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"'Art in itself is an expression of hope' Raya Herzig on the Aftermath exhibition at Exeter Castle"

What’s been your biggest artistic influence?
R: Asking this question most people expect to hear names of well-known artists,  or they pull a curtain of labels over the artwork, usually isms, thus making it plainly impossible for themselves to see what’s in front of them. That’s why it is so satisfactory to bring children into exhibitions. They will talk about what they see not what they know.
But of course there are artists whose work, or rather whose way of seeing the world, I love more than that of others, like Max Ernst, Jean Dubuffet, Philip Guston, Richard Wilson, Rebecca Horn.

How has the Aftermath show come about and what are the differences and similarities between your and fellow Aftermath exhibitor John McDermott’s work?
R: It was in the autumn 2009 on the occasion of Exeter Open Studios, when I came across John McDermott’s BATTLE ENSIGN. There are shy paintings, that open up only after a long time, but this one talked to me with such a strong voice, I wanted to meet the artist right away, which I did. So I met John and we talked like long-standing friends about experiences that influenced our work. And he spoke about his commitment for the cause of PTSD (post traumatic stress disorder), something only too familiar to me throughout my life. The same evening still John had a look at my website. He rang and asked if I was interested to put up an exhibition together with him. Sometimes things are simple and easy.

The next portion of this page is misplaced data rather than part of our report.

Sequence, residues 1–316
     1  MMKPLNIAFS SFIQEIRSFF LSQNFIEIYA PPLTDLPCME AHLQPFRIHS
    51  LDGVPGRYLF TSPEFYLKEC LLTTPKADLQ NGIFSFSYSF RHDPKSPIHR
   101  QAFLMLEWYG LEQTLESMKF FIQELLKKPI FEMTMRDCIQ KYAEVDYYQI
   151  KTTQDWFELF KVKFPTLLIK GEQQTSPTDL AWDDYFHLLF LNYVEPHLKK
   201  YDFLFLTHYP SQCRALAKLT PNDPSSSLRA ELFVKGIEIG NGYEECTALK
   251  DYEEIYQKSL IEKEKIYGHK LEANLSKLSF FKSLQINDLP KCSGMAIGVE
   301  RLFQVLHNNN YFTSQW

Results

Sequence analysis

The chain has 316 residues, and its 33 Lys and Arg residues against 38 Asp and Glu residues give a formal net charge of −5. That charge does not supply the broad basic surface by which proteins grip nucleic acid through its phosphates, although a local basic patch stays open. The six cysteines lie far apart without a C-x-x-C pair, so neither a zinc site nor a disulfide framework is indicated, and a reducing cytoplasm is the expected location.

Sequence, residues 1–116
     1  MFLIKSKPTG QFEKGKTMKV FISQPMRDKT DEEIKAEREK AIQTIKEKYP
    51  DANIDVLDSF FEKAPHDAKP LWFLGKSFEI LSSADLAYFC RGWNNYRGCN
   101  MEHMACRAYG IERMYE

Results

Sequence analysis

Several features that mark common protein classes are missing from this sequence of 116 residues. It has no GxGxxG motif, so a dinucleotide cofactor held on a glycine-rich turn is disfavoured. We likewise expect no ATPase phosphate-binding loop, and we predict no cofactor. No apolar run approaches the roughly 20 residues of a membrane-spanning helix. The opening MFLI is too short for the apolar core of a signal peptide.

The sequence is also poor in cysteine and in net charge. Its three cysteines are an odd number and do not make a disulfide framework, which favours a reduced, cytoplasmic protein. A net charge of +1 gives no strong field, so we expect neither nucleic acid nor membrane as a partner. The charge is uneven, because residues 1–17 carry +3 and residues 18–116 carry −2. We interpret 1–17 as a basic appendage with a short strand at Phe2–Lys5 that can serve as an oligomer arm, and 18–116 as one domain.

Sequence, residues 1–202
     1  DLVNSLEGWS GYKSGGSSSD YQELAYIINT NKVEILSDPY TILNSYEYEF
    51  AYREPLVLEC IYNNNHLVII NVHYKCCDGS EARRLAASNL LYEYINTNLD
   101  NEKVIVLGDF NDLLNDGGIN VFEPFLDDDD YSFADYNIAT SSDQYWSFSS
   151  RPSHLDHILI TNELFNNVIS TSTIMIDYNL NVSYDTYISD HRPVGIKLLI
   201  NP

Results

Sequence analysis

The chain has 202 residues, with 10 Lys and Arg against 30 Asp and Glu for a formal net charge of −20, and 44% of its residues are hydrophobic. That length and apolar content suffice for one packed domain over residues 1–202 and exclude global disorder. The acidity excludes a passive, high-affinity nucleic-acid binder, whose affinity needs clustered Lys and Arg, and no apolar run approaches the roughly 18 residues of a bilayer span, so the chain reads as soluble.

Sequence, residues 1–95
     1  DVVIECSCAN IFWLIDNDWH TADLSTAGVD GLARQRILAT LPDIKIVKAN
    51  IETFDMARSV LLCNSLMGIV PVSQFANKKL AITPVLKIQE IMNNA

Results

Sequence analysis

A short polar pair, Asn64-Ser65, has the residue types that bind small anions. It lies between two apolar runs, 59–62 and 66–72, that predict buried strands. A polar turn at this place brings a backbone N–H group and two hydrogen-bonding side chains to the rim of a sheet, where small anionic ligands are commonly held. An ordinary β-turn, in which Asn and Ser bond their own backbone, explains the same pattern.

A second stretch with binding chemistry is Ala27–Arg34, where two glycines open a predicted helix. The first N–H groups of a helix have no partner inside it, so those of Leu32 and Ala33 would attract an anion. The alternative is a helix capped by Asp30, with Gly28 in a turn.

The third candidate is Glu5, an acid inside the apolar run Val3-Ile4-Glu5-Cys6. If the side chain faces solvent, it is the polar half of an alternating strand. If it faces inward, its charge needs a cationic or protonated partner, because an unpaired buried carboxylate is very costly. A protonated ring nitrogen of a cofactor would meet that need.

More difficult is it to describe the differences and similarities between our work. One difference are our origins – John is a proud Scotsman, I’m an Eastern European. The similarity probably is, that we both have seen a lot of death, but both are passionate about life.

The Aftermath exhibition aims to highlight the ‘invisible wounds’ of the trauma of dealing with war and conflict, but it is said to be ultimately uplifting. How does the artwork manage to convey this?
R: A direct, graphic representation of war atrocities, ‘oil on canvas’, might even verge on Kitsch if it’s not done by a genius like Goya or Picasso in his Guernica. But even there are aesthetic qualities we actually can enjoy, independently of the content. Art in itself is an expression of hope, is the ultimate opposite to the deadly silence of despair.


What role do art and the artist have in society?
R: A good way to answer this question is to imagine a world without art. Mankind still would behave the same way it always did. There still would be war, hunger and cruelty. Art has no moral power, and if it tries to act that way, it ends as propaganda. So what would be missing?
I think I have to leave this question with you.

You’ve said of your painting “I have to paint, otherwise I don’t live. When I paint, it’s a way for me to live in my private world.” And you’ve had more than 30 solo exhibitions throughout the world. How does it feel to have your own private world on view?
R:  “I have to paint otherwise I don’t live.” Yes, that’s true. Painting is a specific way of living. Art is the language of this life. It develops throughout an artist’s life. It is personal, but still takes in influences from all sides, as any language does, that’s not formal, stale or dead.

When I paint… I live in my private world” easily can lead to a misunderstanding. Although any art or literature is somehow autobiographical, it’s never ever private. That’s the difference between children’s drawings and Picasso, or a teenager’s diary and Robert Louis Stevenson.

Is there anything you’d like to add?
R:  Yes, please go and see Aftermath, our exhibition at Exeter Castle.

Raya Herzig, many thanks